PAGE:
Missionary managers work not only in U.S. board offices, but all around the globe. They manage thousands of people and millions of dollars. Very few of them have had any professional training in management, but they have been swamped by a flood of various management theories and techniques.
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We welcome readers to the Association of Evangelicals Professors of Missions supplement, “AEPM News and Views.” Granted, there’s nothing very new or original about that caption.
Should evangelical professors of missions maintain a vigorous separate organization whose purpose is to develop, voice, and promote classical biblical mission and to carry out Christ’s command to mathateusate panta ta ethne—disciple all the peoples of planet earth?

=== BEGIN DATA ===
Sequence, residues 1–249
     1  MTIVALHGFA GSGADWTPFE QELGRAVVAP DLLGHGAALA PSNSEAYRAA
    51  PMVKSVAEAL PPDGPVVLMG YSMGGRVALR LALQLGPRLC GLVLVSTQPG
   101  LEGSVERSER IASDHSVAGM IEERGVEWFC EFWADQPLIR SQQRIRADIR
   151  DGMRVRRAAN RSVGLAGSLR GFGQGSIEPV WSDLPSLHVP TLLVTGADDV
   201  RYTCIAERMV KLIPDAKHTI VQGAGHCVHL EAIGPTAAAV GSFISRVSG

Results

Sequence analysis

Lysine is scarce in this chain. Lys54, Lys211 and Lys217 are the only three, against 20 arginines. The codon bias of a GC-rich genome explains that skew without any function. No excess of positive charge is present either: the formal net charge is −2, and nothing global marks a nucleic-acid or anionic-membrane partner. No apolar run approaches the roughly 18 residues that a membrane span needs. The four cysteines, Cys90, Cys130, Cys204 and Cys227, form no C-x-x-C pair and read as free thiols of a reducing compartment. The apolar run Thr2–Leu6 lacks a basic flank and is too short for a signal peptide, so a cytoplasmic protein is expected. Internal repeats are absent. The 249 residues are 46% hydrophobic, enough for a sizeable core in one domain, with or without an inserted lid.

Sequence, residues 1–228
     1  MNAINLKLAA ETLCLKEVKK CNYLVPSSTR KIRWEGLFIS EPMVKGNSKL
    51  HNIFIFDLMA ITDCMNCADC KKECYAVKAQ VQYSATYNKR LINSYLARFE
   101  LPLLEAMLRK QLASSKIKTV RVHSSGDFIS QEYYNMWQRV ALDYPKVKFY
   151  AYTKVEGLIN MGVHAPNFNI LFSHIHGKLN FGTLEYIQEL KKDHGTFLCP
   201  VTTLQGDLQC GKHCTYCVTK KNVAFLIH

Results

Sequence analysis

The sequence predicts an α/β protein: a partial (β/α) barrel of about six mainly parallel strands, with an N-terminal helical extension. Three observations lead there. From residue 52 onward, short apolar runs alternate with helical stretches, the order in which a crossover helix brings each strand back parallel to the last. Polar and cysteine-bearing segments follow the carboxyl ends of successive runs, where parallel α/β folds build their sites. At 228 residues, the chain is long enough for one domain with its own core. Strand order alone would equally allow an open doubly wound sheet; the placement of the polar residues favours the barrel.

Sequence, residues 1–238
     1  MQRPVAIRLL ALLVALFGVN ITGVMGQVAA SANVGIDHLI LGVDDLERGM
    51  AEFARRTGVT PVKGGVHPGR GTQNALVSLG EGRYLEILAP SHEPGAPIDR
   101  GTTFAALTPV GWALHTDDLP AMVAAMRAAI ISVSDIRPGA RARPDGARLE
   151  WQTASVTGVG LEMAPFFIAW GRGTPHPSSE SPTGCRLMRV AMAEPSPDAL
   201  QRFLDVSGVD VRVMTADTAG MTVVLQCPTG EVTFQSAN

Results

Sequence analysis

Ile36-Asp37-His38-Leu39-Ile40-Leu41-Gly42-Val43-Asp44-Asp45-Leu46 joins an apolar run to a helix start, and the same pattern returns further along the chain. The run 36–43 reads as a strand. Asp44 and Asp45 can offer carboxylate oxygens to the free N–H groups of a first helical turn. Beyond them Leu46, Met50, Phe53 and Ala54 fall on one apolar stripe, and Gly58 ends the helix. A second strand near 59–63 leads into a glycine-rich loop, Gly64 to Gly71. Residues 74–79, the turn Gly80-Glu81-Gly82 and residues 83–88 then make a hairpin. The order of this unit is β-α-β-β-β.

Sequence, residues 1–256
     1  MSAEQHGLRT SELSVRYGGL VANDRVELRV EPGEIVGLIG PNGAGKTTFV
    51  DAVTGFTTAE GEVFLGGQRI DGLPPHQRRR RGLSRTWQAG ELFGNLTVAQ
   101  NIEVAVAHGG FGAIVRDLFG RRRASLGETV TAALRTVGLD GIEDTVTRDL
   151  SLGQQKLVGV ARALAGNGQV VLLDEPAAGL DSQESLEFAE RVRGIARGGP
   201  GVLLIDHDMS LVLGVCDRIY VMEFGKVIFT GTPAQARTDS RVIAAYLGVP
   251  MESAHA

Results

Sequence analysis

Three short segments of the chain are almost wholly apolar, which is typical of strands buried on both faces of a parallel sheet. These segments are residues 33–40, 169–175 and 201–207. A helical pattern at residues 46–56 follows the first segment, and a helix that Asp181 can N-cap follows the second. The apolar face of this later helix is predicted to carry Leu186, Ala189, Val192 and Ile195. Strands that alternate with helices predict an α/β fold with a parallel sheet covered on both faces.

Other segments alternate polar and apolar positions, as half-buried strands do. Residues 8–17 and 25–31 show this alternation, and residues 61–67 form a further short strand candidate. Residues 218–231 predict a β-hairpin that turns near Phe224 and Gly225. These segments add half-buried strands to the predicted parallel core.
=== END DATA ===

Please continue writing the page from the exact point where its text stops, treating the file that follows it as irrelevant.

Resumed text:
It needs to be recognized at the outset that an agenda of missiological issues will to a degree be inevitably determined by one’s perspectives.
The answer is yes, but it will take big changes.
In the last decade what might be called the “unreached people groups” strategy has shaken the missions community to the core.
Various articles on missions.
To those aware of the recent debate concerning the “Homogeneous Unit Principle,” another in a long stream of articles on the subject may not be a welcome sight.
Before ethnomusicology has any relevance to missionaries, the term must not only be understood, but a particular theological point must be considered.
Often thought to be the exclusive property of the adolescent, transition is actually found in three stages of a person’s life.